More information about Pete, CEO in executive team of four in "Developing a Work Team with the Enneagram."
grew up with a mother who's very critical," said Pete (style Five), "but we've had a
pretty good relationship, Others have told me I'm her favorite,
although I've never perceived it that way. My father was a very driven
individual who became the first professional in an immigrant family, and
he wanted me to follow in his footsteps. We did things together, but he
could become explosively angry and was not likely to give any praise.
He had a clear agenda for me, and it wasn't until he died that I felt
of an outstanding mind, Pete's retreat into intellect was apparent: "I
found college to be an intellectual lark," he reported. During his
professional training, he and one of his mentors created a new
discipline that became an accredited course of study and, by the time of
our work together, he was a nationally acknowledged leader in his
field. "One of my gifts and also my down side," he said, "is that I can be an intellectual dilettante and play with ideas
for the sake of playing with them. I'm also very passionate when I
value something, and I think I underestimate my ability to influence
other people." Although he struggled with disdain for people "driven by their emotional needs," consistent feedback from others helped Pete recognize the value of more positive reinforcement. "I need to better motivate and connect with my executive team so they can work at a higher level and feel good about the organization and about me."
Comments from his three executive vice presidents about Pete conveyed their respect for his brilliance and innovative thinking. "He's
a very complex person -- like a wonderful Caesar Salad -- and an
unparalleled strategic thinker in his field." "He's one of the smartest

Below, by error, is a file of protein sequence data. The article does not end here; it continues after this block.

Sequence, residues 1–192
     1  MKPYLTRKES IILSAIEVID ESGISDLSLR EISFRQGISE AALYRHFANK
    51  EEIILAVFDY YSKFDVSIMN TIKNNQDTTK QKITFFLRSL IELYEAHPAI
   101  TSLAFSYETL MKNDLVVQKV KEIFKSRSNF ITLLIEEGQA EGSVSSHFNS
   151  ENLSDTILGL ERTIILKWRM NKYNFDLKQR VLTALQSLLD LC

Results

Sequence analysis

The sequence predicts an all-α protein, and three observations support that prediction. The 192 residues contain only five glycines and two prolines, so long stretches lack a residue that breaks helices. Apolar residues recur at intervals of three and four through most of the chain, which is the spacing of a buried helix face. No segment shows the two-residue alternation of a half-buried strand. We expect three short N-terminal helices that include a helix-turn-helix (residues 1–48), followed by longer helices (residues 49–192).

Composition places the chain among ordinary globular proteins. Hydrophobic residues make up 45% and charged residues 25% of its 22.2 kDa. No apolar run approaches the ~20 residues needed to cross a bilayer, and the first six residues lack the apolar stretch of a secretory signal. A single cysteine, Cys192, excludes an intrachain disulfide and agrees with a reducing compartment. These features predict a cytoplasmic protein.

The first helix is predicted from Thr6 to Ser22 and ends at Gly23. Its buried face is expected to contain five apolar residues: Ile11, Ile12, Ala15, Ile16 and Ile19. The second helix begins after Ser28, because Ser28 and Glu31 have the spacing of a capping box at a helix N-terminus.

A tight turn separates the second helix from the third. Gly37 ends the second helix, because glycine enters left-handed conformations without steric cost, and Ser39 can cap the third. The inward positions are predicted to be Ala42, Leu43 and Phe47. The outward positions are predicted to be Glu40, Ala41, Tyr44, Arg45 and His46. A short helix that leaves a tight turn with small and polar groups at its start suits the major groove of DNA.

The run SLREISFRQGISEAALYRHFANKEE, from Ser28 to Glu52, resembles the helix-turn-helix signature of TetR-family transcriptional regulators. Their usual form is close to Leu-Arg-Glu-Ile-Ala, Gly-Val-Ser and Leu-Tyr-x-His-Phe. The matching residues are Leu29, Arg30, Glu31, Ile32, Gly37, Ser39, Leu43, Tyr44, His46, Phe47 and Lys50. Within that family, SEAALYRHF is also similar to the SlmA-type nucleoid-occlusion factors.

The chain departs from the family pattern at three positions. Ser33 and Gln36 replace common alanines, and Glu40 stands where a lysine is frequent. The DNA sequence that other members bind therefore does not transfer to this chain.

people I've ever been around." "He's an extraordinary conceptual thinker, very shrewd." They all agreed Pete was a great generator of innovative ideas and loved
to debate, "although he may not even believe in the point he's
arguing. Because he has such a passionate state of mind, he couldn't
really tell you at the moment whether he loves the idea or not!"
also agreed Pete had a hard time seeing issues from the other person's
point of view. While a very free-flowing thinker, his persistence could make him seem positioned or even rigid, thus shutting others out.
"If you present a compelling argument and speak with conviction, he'll
listen," said Joe (style Nine), "but if you get into a debate with him you can't win;
he'll rip you
apart." Sally (style Three) described Pete as "completely the opposite of Matt (style Six) in
that he'll take a totally dispassionate view." Also, Pete was known to
change his views from one occasion to the next, neither
explaining the change nor giving credit to the person who influenced
his thinking. Sally thought this was an unconscious process: "The way he
gathers feedback is to make a lot of statements and then process the
reactions, not revealing whether or not he's been persuaded in some way; he then re-tools his thinking and comes back with an integrated view, not even aware of the transition himself."
In addition to some frustration with his debating
tactics, the other three knew Pete expected them to take care of
themselves. "He doesn't appear to think about us developmentally," said
Joe. According to Matt, "He just doesn't see the value of positive
feedback." Nor did paying attention to individual needs come naturally
to Pete. Others were aware he saw emotional vulnerabilities as
weaknesses. "If you meet him with humor and intelligence when he's all wound up, that's a form of intimacy for him, kind of an intellectual aikido. But he has great difficulty disclosing himself or giving praise directly."
As part of his development work, Pete asked me to create an assessment form to check his progress, based on input from
team members and the board president. We collected this information
twice a year for two years, as a basis for follow-up coaching.